For some reason, I get extremely excited about palm trees. These trees are the ultimate sign of vacation in my view. The next day, we had time to spend a couple of hours exploring the city of Savannah! This city had a lot of historical architecture at the riverbank and some crazy structures to visit.

Later that afternoon, we drove to Flagler Beach to meet our other brothers from 6 different chapters around the nation: Texas, Virginia (2x), Rhode Island, Michigan, and Ohio. We had dinner and found out that most of the volunteers were returners from previous years! They were extremely friendly and welcoming towards us, the newbies. After a free dinner from the church and Habitat, we spent some time bonding at the beach.

Habitat / Spring Break

For the next four days, we woke up at 6:30 am to leave the church by 7:30 am. Habitat for Humanity expected us to be on the site by 8:00 am to start the day with a dedication circle. Throughout the day, we performed different tasks such as roofing or siding.

Habitat / Spring Break

I joined the siding group for most of the days, so I was pounding nails in the outside of the house to finish the outdoor walls. I also spent a day or two on hurricane straps. These could be a real pain at times because both sides of a roof frame had to be nailed with 5-6 nails to the strap and wall so the wind could not blow underneath the roof. The angle of nailing and the fact that we had to nail them through metal while standing on a ladder didn’t make the job much easier!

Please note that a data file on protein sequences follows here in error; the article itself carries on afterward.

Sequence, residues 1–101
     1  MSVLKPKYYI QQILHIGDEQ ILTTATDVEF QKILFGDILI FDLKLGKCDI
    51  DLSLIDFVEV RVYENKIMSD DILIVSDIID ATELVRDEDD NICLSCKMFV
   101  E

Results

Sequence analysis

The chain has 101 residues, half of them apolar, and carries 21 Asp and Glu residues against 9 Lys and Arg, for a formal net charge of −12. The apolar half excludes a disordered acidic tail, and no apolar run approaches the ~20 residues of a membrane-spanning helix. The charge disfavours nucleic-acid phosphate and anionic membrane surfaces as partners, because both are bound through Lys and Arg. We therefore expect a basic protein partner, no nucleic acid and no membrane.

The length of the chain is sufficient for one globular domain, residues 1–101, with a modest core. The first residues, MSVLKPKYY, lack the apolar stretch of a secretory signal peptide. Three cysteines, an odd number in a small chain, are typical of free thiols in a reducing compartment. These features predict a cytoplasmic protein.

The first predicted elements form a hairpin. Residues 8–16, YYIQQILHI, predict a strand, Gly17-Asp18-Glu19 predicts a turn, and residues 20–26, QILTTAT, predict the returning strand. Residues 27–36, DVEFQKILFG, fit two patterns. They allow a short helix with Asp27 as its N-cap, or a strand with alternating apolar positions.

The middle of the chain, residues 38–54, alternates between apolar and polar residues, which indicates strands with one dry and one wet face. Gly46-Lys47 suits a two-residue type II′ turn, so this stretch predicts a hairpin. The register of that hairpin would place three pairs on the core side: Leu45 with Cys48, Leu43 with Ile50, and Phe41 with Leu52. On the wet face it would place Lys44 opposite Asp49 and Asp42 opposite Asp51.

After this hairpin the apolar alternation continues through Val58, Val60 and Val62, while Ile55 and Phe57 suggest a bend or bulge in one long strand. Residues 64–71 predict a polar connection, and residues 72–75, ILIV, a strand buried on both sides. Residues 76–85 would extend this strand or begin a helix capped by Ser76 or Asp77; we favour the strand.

Habitat / Spring Break

By the end of the day, we had a lot of fun and it was extremely rewarding work! On our last day, we finished almost the entire roof and the outdoor walls. We also got to dedicate another, finished house to a family which was a great experience. It was awesome to see how a finished house would look like!

Next year, I hope to come back to volunteer again as it precisely describes what I would like to do after graduation: combining civil engineering with natural hazard mitigation and humanity work in developing communities.

Human-Powered Vehicle Team

Tanner Wick

Tanner Wick,
Senior, Mechanical Engineering

Athens, OH 27 January 2019

Over winter break I helped finish the design of this year’s human powered vehicle for the upcoming 2019 ASME Human Powered Vehicle Challenge. Teams work throughout the year to design, manufacture, and test a vehicle that will compete in speed and endurance events alongside dozens of other teams from around the country.

This project is a true test of the student’s knowledge and understanding of the engineering design process. Each year, the team decides on product design specifications for what characteristics (weight, top speed, drag coefficient, etc.) the vehicle will have. This year’s bike was designed as a three-wheeled tadpole made from an aluminum frame and carbon fiber fairing. The frame includes a rollover protection system that prevents the rider from being injured in case the vehicle flips over. The fairing is designed to allow for minimal air resistance on the vehicle. This results in higher speeds and greater rider comfort.